Rare Disease Report

Venetoclax Approved for Older Patients With AML

NOVEMBER 21, 2018
Rare Disease Editorial Staff
The US Food and Drug Administration (FDA) has granted accelerated approval of Venetoclax (Venclexta, Abbvie | Genentech) combined use with azacytidine, or decitabine, or low-dose cytarabine as a treatment for adult patients with newly-diagnosed acute myeloid leukemia (AML) who are 75 years or older, or who have comorbidities that preclude the use of intensive induction chemotherapy.

The approval is based on findings from the M14-358 study and the M14-387 study, 2 phase 1b/2 trials. The results from the M14-358 trial showed combining venetoclax with azacitidine led to a complete remission (CR) rate of 37% and a CR with partial hematological recovery (CRh) rate of 24%, compared with 54% and 7.7%, respectively, with the combination of venetoclax and decitabine.

The M14-387 trial examined venetoclax in combination with low-dose cytarabine and the CR and CRh rates with the combination were both 21%.

“Many people with acute myeloid leukemia are unable to tolerate standard intensive chemotherapy, and the Venclexta combination regimens represent important new options for these patients,” Sandra Horning, chief medical officer at Genentech, a unit of Roche, said in a statement.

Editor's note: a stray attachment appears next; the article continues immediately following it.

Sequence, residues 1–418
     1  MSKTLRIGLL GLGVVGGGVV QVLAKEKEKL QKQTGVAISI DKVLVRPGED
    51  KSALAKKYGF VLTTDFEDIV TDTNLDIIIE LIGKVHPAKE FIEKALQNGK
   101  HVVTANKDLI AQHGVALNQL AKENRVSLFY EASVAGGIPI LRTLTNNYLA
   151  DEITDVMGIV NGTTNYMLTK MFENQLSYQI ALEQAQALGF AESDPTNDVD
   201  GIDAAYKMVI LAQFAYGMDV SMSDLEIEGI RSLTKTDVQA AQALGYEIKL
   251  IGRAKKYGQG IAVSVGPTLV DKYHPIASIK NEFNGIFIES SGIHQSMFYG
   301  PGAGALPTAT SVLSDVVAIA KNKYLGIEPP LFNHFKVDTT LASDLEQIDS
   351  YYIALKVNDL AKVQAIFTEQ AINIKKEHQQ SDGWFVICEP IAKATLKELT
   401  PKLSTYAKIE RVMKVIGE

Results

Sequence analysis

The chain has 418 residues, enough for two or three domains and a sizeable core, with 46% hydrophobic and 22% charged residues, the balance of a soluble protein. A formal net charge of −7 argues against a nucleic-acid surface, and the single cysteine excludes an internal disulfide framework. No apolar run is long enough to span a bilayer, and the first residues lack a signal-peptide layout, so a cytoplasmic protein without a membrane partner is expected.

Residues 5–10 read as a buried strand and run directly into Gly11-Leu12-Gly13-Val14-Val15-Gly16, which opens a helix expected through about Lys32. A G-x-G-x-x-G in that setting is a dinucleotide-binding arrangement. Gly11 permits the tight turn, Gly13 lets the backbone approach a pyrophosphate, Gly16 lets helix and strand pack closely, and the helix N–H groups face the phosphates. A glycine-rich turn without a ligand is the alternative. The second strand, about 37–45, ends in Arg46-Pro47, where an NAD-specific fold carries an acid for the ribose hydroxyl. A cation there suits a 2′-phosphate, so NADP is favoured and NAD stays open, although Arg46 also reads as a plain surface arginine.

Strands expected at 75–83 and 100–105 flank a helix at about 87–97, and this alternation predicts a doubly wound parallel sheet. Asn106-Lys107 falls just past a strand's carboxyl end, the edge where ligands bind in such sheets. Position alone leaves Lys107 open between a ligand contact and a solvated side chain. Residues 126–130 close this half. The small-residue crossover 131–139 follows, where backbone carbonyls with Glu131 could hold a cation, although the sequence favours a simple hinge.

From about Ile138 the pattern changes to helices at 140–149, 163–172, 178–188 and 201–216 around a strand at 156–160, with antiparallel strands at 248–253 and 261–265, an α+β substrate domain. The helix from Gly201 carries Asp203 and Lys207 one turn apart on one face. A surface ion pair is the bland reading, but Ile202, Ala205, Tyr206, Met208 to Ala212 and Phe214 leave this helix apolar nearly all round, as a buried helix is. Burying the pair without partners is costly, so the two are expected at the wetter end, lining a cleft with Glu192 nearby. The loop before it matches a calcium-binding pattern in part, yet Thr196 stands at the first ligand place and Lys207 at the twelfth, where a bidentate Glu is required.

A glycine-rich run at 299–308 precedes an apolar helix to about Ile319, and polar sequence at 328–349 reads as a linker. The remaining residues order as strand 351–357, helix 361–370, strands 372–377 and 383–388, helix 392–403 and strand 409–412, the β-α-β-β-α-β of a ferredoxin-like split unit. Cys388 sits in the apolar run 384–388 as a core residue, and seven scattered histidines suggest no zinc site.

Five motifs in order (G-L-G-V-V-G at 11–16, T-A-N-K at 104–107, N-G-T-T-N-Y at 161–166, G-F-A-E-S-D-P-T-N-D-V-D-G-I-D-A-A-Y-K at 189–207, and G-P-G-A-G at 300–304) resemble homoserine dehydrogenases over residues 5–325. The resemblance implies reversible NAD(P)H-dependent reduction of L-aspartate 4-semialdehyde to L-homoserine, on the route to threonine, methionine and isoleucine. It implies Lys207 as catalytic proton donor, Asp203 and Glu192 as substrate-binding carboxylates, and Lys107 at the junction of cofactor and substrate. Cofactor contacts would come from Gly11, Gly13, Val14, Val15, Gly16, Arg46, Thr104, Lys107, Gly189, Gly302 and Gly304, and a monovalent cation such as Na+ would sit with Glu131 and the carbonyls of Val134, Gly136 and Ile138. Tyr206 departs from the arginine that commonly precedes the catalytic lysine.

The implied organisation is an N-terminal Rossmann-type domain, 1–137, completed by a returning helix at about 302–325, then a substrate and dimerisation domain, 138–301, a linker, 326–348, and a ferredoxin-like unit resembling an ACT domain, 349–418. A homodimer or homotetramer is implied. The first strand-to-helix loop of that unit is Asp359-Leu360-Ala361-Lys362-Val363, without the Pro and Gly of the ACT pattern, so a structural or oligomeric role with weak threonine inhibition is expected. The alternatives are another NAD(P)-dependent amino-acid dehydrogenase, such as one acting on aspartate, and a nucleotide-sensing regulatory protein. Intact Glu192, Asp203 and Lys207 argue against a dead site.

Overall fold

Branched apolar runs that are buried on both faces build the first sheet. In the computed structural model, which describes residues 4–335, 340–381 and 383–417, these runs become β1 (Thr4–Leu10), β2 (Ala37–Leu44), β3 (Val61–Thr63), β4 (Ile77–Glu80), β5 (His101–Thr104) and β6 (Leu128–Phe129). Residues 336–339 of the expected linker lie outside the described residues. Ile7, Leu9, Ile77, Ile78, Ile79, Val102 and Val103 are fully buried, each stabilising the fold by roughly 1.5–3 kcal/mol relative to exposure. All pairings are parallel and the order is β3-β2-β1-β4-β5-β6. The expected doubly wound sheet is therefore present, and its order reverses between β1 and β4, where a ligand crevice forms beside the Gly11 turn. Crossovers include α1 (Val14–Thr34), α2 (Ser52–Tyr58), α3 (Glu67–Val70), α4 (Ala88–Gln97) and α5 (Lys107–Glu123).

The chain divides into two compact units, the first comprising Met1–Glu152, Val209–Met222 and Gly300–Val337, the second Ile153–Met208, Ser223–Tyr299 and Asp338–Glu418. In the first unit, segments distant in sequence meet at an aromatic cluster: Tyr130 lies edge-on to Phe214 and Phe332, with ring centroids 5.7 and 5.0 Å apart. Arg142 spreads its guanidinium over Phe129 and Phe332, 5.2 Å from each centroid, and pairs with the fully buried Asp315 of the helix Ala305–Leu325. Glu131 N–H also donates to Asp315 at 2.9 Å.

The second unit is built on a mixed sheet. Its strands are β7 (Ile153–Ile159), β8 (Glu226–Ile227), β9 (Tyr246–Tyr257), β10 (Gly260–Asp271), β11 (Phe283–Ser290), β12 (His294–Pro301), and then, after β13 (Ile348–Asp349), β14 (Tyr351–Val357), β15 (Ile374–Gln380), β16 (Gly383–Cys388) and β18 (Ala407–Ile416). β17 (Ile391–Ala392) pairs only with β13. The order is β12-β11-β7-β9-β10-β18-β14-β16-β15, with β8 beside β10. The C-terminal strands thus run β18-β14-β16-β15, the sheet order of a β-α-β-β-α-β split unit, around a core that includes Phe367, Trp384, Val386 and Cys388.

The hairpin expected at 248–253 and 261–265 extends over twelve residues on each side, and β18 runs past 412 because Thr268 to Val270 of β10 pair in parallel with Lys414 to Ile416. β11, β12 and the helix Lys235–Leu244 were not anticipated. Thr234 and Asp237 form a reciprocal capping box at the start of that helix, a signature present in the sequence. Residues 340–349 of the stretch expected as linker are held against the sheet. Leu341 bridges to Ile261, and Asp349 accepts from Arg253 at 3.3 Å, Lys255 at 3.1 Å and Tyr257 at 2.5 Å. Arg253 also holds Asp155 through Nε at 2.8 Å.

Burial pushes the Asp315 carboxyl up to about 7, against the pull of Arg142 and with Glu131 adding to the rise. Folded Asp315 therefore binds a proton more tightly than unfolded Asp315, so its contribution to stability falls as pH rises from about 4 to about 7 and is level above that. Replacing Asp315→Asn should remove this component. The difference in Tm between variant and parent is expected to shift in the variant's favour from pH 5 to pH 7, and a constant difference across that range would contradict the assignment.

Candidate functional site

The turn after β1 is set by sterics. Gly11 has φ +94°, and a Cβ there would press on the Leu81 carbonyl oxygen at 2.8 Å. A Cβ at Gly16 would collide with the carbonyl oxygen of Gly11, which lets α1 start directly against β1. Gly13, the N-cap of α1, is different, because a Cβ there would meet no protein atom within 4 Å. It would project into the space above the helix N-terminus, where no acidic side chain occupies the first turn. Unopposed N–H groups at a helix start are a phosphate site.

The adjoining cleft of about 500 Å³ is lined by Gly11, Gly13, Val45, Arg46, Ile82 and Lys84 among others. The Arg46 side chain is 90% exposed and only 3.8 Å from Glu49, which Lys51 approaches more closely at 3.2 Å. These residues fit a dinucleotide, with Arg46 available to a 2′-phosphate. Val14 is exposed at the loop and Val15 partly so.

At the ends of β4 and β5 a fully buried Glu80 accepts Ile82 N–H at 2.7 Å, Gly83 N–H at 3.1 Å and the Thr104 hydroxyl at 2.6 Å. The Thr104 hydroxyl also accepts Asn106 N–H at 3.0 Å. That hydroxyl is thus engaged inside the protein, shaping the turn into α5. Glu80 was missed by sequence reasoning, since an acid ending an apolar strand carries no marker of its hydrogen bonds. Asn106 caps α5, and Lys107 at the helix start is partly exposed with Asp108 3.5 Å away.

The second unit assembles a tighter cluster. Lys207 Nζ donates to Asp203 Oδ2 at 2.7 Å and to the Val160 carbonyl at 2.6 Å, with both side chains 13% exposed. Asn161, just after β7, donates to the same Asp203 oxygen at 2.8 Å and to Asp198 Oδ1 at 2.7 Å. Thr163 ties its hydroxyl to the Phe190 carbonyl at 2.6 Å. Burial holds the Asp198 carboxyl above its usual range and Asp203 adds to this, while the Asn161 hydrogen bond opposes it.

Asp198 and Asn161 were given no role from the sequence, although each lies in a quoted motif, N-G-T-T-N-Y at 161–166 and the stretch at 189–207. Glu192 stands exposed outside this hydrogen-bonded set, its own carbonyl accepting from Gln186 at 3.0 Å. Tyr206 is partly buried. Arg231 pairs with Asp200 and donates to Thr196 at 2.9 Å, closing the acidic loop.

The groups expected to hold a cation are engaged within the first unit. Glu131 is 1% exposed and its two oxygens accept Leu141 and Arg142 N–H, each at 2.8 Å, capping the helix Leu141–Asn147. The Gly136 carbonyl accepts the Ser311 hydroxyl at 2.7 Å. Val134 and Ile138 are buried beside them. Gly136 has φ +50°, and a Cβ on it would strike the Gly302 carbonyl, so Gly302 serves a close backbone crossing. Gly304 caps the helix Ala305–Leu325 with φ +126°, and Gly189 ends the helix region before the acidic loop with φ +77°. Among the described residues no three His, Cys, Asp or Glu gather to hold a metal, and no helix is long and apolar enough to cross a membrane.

The phase 1b open-label dose escalation and expansion M14-358 study (NCT02203773) included treatment-naïve patients with AML who were 60 years or older and who were not fit to receive intensive chemotherapy. Patients received venetoclax in combination with a hypomethylating agent (azacitidine or decitabine). Key outcome measures for the trial included CR/CRh, OS, and safety. Grade 3/4 adverse events (AEs) occurring in ≥10% of patients included anemia, low platelet count, decreased potassium levels, low white blood cell count with fever, and low white blood cell count.

The open-label phase 1b/2 dose escalation and expansion M14-387 study (NCT02287233) included previously untreated patients 60 years or older who were unfit to receive intensive chemotherapy. Patients received venetoclax in combination with low-dose cytarabine. The main study endpoints were CR/CRh, objective response rate, OS, and safety. Grade 3/4 AEs experienced by at least 10% of patients included sepsis, decreased phosphate levels, high blood pressure, decreased potassium levels, pneumonia and low white blood cell count with fever.

Venetoclax’s accelerated approval for AML is contingent on the results of a confirmatory trial.

An earlier version of this article was published as, “Frontline Venetoclax Granted Accelerated FDA Approval for Older Patients With AML,” on Targeted Oncology.com.

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